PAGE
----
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January 27, 2009
Defending home court is USC's goal
Most of it's simple math.
An SEC team plays 16 league games. Half are at home. Win that half, and you're no worse than 8-8 in the conference.
South Carolina's aiming a little bit higher.
"Definitely got to defend the home floor," guard Devan Downey said on Monday. "That's a mindset going into each home game. We've just got to keep on doing what we do. Win at home, steal a few on the road."
The first part's worked fine so far.
The Gamecocks are 3-0 in SEC play at Colonial Life Arena this season, part of a 12-1 overall home record. A chance to be 4-0 (and 13-1) comes on Wednesday, when Vanderbilt arrives in Columbia.
At 14-4 (3-2 SEC), none of the Gamecocks are talking about what lies ahead, except for the game with the Commodores. Numbers and projections mean bupkis right now.
"The danger is what you just brought up," coach Darrin Horn said. "Everybody wants to talk about things like that. We're one game over .500 in league play and we could very easily be much less than that."
Horn wasn't bad-mouthing his team's shortcomings; he was pointing out the obvious. The Gamecocks have played hard in every game (except perhaps its first road SEC game at LSU) but intensity doesn't always win ballgames.
USC beat Auburn and Ole Miss handily and lost to LSU and Tennessee handily, although the UT loss went down to the wire after a furious comeback. Then there was the Florida game last week, which was hard-fought and fun to watch, but could have gone either way.
It went USC's way on a play too perfect to dream about. The Gamecocks handled the emotional high of it by regrouping to beat Ole Miss in the next game, bringing up Vanderbilt.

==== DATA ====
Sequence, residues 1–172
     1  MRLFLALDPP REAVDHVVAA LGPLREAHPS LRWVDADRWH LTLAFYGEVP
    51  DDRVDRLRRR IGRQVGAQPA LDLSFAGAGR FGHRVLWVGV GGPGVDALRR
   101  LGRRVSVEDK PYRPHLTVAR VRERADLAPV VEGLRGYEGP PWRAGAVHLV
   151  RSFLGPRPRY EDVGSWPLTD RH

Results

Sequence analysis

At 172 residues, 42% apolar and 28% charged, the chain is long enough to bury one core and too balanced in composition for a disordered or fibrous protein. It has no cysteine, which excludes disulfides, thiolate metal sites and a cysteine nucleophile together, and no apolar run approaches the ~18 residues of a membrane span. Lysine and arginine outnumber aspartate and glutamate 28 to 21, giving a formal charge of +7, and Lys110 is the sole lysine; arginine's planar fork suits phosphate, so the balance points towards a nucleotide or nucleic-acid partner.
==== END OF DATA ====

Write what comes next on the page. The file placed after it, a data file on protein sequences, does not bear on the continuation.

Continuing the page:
Horn said he's encouraged by the raucous atmosphere, especially from the student section, at Colonial Life Arena in the past two games but isn't taking anything for granted. He's hoping the support continues on Wednesday, a sentiment echoed by forward Austin Steed.
"We win all our games at home, that gives us a chance to do well in the SEC as well," Steed said. "Just taking care of home is a big part of keeping everybody focused and keeping the student body as loud as they (are) now."
The devil's advocate looks at USC's success at home this season and begins to predict. A perfect SEC record at home puts the Gamecocks at no worse than 19-10 at the end of the regular season. Following Downey's advice to steal a few on the road, USC gets into that 20-win territory that will pique the interest of the NCAA tournament selection committee.
The remaining home schedule features Vanderbilt (1-4), Georgia (0-4), Arkansas (0-4), Kentucky (5-0) and Tennessee (3-1). Looking at that slate, especially the first three, and it's easy to see where the excitement comes in. Perhaps this will be the first time since 1997-98 that USC can finish above .500 in the league.
Yet, the Gamecocks don't talk about it. The only clue toward maybe beginning to think about it came from Downey, when he was informed that USC was the only team in the league to win at home over the weekend.
"That's all (Horn) talks about," Downey said through a small smile. "When you look at it, you got 16 league games, eight of them at home. You win all your games at home, that's eight wins.
"But we're looking to be better than that."